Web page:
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Taking a LEAP forward: Compulsive exercise training in Sweden

Compulsive exercise is an important symptom of the eating disorders. It affects up to 80% of patients and is associated with longer length of hospitalisation, poor recovery, increased physiological complications and relapse rates. Work conducted by Professor Caroline Meyer and her team has increased our understanding of the causes and maintenance factors associated with problematic exercise and has led to the development of screening and assessment tools. In addition, this work has resulted in the development of LEAP, which is a cognitive-behavioural based approach specifically aimed at reducing compulsive exercise cognitions and behaviours.

The first treatment of its kind, LEAP has been the subject of 3 initial treatment trials and shows real promise. It is used widely in eating disorders services across the globe. This week, Caroline and her colleague, Tara Cousins, from Leicestershire Partnership NHS Trust delivered a virtual training day to clinicians and researchers from eating disorders services in Sweden and the Karolinska Institute in Stockholm.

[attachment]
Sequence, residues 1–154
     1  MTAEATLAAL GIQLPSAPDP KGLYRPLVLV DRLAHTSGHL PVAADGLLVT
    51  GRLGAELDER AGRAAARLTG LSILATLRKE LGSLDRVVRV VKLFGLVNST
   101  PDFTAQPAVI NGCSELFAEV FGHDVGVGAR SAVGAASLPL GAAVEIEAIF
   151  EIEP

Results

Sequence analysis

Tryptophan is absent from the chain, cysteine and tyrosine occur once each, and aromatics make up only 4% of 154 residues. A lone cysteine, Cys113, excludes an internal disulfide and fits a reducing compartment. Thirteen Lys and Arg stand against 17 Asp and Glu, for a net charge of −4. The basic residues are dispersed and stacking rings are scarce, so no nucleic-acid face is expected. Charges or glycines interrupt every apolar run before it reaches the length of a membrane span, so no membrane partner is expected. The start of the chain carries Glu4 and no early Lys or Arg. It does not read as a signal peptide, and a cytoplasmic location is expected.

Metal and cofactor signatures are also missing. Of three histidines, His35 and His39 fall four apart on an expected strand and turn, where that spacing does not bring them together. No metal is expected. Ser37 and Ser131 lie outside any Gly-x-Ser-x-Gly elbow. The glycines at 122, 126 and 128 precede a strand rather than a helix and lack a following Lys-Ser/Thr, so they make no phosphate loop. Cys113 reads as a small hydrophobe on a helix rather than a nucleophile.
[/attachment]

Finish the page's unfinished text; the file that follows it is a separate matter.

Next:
“LEAP works by helping people to challenge their beliefs about exercise and change the way in which they use exercise to control their emotional states as well as their shape and weight”. Often for these patients, exercise becomes the primary mood regulation strategy”.

Exercise has a known positive effect on emotion, however, for some people the consequences of not reaching their, often unrealistic, exercise goals can lead to unbearable levels of guilt.

Dr Emma Forsén Mantilla, at the Karolinska Institute said "Listening to Tara and Caroline, all their experience of working with compulsive exercise and specifically LEAP, was an absolute pleasure and incredibly valuable for us. We are so excited to start our trial evaluating LEAP in Sweden in a few months time!"

"As we do not yet have experience of using LEAP with patients, this day gave us so much: valuable information and more importantly confidence in how to work with the LEAP material in our Swedish trial."

Future collaborations between Warwick and colleagues at the Karolinska Institute to test further the efficacy of LEAP among in-patient anorexia nervosa patients, as well as development of an on-line self-help version for use with community groups are planned.

Thu 22 Oct 2020, 17:16 | Tags: HealthSciences